Horn Group has been recognized as an agency that "gets it" when it comes to developing a social media strategy for our clients. However, as a PR professional, I’ve recently been thinking about how to develop a social media strategy for ourselves as well.
It’s easy to identify the benefits of growing a personal "brand" online. You’re a visible part of "the conversation," and can be present in a way that you couldn’t necessarily be in the real world. You can directly correspond with people all over the world on common interests and develop relationships. You may even be recognized for relevant tweets (like our very own Martha Feingold).
But, I have to raise the question, how much social media is too much? Should I connect with journalists, clients, coworkers, etc. on all social media platforms? Does my client care if I have a blog, 1,500 friends on Facebook or a robust list of followers on Twitter? And of course, we all sometimes think “what if a client or journalist doesn’t agree with something I post?” Part of the beauty of social media is that it allows you to transparently express your opinions, but when our personal and professional networks intertwine, how do we prepare ourselves to adequately monitor our thoughts and possibly defend them to others?
And, in terms of frequency, how does one walk the tight rope between participation and saturation? Being involved for the wrong reasons is just as, if not more, risky to your personal brand as not being involved at all. No one can afford to become solely @techPRperson (disclaimer: as of 3/05 this Twitter name does not exist) to clients and the media.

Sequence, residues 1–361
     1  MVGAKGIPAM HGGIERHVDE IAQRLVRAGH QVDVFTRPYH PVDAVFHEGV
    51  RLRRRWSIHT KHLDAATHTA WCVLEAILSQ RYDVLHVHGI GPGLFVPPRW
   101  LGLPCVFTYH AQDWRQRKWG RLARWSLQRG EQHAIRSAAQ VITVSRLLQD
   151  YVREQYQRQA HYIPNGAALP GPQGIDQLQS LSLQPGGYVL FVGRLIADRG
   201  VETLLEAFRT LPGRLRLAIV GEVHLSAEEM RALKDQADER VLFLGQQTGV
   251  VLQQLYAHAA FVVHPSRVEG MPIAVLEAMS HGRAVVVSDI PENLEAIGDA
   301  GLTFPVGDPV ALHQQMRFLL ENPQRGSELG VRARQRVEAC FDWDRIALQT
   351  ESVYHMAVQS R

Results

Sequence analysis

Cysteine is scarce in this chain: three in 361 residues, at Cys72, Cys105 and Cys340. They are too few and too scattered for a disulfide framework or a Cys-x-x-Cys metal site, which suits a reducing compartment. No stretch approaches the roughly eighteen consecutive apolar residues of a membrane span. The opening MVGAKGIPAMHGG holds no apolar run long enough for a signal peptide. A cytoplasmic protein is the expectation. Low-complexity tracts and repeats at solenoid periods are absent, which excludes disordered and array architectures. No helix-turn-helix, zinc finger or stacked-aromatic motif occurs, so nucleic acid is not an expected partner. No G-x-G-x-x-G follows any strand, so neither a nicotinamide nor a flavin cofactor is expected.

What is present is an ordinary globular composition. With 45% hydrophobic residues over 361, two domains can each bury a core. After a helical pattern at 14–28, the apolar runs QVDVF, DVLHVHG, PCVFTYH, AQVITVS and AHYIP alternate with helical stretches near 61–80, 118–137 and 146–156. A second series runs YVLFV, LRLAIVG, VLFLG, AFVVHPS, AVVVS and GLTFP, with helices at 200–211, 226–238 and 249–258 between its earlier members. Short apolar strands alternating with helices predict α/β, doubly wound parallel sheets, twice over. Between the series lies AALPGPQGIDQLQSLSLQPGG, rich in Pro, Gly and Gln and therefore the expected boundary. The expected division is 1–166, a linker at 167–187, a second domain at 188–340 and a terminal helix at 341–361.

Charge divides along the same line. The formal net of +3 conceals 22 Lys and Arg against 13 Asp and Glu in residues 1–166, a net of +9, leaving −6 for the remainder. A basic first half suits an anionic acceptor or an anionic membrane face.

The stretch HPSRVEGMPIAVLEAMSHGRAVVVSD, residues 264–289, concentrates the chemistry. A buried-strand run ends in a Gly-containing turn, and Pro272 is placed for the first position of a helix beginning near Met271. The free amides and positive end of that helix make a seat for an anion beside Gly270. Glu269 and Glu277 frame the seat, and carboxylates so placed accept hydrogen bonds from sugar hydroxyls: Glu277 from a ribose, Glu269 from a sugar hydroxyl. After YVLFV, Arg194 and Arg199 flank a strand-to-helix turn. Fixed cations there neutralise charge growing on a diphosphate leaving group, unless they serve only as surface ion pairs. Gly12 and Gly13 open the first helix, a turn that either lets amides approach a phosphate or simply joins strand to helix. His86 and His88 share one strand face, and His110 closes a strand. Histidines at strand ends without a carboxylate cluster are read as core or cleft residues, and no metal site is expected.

On the flip side, would you as a client trust a member of your PR team to sufficiently construct a campaign who didn’t have a personal Twitter or Facebook account for themselves? If you’re not involved in social media personally, how can you guarantee you’ll be able to counsel your clients on best practices professionally?
As with most things, social media is a matter of balance. Here are some tips I’ve found interesting and helpful in building your personal social media campaign:
- Check it…your post, I mean. Our own Joe Ciarallo said the other day that his rule of thumb when it comes to social media is to make sure anything you publish you’d feel comfortable knowing it will be read by your boss, your clients and your mother. This obviously includes anything on Facebook, MySpace or any other social networking site that can be accessed by coworkers, clients and the media. Take a minute before posting something to make sure what you’re writing is something you could say in both the personal and professional realms.
- Tweet and Talk. Be in “the conversation” but don’t forget to have actual conversations, out loud, with people. We sit behind our desks all day and human interaction most commonly comes in the form of email. Not good. Traditional phone and in-person conversations with clients, coworkers and journalists should always have a place in PR (and life).
- Consider establishing boundaries. I think it’s important that social media continue to breed an open environment for the sharing of thoughts and self-expression, but perhaps putting a framework around how you use social media tools is useful. For instance, one might use, Facebook for friends and personal contacts, LinkedIn for clients and coworkers, and Twitter for the masses. Of course, the lines are always blurring, but you get the idea.
- Beware of the Backlash. It seems like there are just as many Facebook and Twitter haters as there are adoring fans (especially given Facebook’s recent privacy issues). Being social in the real world might not translate for people in the Web world (or vice versa).